Holiday House. Feb. 2020. 256p. Tr $17.99. ISBN 9780823445523.
Gr 3-7–After barely escaping the gale-force winds of a tornado with his best friend Sydney, what else could possibly go wrong for sixth grader Isaac Fitch? Quite a lot, apparently. For starters, he still struggles to fit in at school and won’t have his mom’s sage advice, because she’s off on a two-month business trip to China. Having moved to rural Ohio from New York, his father’s lackluster interest in Ohio State football is an oddity in a town that oozes Buckeye pride on game day. To top it all off, his classmates call him “Itch” because he has a chronic itching condition called idiopathic angioedema. Isaac’s job at Mr. Epple’s pheasant farm normally brings him relief from his social acceptance issues, but even that becomes complicated when he’s pressured to steal one of Mr. Epple’s pheasants. Add to this a sandwich switch at lunch which causes Sydney to be rushed to the hospital in an ambulance due to her food allergies, and you’ve got stress in overdrive. Isaac is desperate to do whatever it takes to set things right again. While Farquhar, an Ohio State alumni, lays it on heavy with football game day fever of the Midwest, her comedic skills keep the reader from being bogged down with football jargon and terminology. The author’s lived experiences of managing her own idiopathic angioedema and her daughters’ food allergies gives her firsthand knowledge with chronic illnesses such as the ones Isaac and Sydney have.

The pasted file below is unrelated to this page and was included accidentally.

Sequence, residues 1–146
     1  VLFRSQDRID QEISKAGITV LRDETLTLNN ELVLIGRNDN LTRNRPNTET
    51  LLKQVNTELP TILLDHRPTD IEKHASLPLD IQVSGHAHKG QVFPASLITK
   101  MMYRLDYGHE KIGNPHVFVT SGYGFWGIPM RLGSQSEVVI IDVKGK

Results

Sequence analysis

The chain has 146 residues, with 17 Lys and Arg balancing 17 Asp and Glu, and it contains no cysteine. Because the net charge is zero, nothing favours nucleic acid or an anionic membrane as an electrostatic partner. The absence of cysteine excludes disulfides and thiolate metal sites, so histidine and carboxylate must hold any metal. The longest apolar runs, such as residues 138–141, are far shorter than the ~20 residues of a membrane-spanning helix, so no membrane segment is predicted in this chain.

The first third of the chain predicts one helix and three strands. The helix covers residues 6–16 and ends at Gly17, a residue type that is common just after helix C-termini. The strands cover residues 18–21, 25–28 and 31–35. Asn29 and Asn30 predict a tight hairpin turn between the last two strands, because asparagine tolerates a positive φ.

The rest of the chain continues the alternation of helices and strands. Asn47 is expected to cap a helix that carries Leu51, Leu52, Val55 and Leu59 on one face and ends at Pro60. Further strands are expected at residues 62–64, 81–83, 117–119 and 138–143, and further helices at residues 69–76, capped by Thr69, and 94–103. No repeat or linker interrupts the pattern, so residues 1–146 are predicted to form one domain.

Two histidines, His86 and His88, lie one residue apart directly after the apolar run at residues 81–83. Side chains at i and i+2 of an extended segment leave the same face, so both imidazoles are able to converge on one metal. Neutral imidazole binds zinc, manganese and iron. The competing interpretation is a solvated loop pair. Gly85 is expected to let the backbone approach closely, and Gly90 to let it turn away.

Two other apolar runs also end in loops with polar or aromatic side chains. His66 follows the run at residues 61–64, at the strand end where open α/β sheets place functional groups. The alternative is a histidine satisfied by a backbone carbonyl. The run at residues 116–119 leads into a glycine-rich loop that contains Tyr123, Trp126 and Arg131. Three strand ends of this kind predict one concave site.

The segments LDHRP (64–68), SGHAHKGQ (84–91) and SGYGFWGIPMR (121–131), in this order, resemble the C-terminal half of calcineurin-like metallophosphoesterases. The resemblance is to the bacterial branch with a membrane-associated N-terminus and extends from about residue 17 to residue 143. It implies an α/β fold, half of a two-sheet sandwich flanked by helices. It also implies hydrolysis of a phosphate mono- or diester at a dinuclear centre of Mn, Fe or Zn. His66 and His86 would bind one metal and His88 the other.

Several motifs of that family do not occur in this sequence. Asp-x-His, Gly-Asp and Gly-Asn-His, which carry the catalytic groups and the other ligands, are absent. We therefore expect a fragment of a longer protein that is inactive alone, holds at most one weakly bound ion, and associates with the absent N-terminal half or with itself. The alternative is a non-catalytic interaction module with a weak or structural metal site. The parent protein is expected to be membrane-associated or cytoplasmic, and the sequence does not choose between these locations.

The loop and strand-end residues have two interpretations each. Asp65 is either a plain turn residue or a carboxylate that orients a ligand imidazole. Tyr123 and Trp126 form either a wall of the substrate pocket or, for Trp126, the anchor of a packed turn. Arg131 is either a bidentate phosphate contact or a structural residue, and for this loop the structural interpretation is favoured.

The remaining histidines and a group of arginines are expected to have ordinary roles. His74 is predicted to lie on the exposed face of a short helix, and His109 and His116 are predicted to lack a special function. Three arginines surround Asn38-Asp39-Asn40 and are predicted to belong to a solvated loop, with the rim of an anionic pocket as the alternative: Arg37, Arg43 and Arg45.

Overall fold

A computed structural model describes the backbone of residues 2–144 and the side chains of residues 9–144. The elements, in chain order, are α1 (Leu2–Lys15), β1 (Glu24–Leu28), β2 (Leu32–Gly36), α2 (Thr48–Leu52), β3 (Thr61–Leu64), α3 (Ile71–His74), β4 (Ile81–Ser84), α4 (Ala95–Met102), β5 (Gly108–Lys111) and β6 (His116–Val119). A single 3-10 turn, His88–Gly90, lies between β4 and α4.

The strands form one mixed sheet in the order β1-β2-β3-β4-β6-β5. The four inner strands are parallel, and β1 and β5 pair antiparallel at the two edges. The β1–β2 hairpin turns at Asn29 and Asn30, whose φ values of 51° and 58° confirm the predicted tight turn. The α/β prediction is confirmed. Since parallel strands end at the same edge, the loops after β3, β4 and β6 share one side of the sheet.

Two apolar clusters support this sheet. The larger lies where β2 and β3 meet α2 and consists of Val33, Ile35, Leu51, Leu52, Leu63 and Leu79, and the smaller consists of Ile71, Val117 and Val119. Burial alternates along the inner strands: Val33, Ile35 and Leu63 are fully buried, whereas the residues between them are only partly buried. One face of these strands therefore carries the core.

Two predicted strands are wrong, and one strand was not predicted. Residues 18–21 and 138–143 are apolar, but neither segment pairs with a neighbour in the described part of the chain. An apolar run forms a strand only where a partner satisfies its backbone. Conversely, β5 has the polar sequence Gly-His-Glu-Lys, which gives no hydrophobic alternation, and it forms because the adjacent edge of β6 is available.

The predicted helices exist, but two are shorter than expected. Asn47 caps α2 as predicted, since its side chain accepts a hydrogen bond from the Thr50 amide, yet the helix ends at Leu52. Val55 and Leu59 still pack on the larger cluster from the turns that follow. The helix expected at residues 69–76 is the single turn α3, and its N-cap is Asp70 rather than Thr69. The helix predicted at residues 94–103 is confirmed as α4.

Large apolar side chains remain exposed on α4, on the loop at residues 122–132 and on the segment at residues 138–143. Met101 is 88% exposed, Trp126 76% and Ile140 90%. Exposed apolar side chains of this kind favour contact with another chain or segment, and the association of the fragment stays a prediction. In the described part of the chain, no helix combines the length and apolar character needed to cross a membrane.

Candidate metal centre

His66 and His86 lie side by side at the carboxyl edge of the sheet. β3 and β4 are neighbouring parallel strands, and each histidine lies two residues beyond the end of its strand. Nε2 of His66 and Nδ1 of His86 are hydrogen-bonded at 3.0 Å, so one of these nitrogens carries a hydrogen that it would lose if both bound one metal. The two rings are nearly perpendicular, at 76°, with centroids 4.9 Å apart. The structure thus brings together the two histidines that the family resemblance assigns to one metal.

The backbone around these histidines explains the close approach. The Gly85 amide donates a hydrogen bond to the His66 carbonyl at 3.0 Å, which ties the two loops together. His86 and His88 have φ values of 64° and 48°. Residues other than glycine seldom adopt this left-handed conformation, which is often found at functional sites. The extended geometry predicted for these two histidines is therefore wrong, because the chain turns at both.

VERDICT A heartwarming story that encompasses serious issues such as bullying, chronic illness, and peer pressure while navigating the awkward years of middle school. Fans of Gordon Korman’s Restart and Jacqueline Davies’s Nothing but Trouble should enjoy the symmetry of circumstances in this title.

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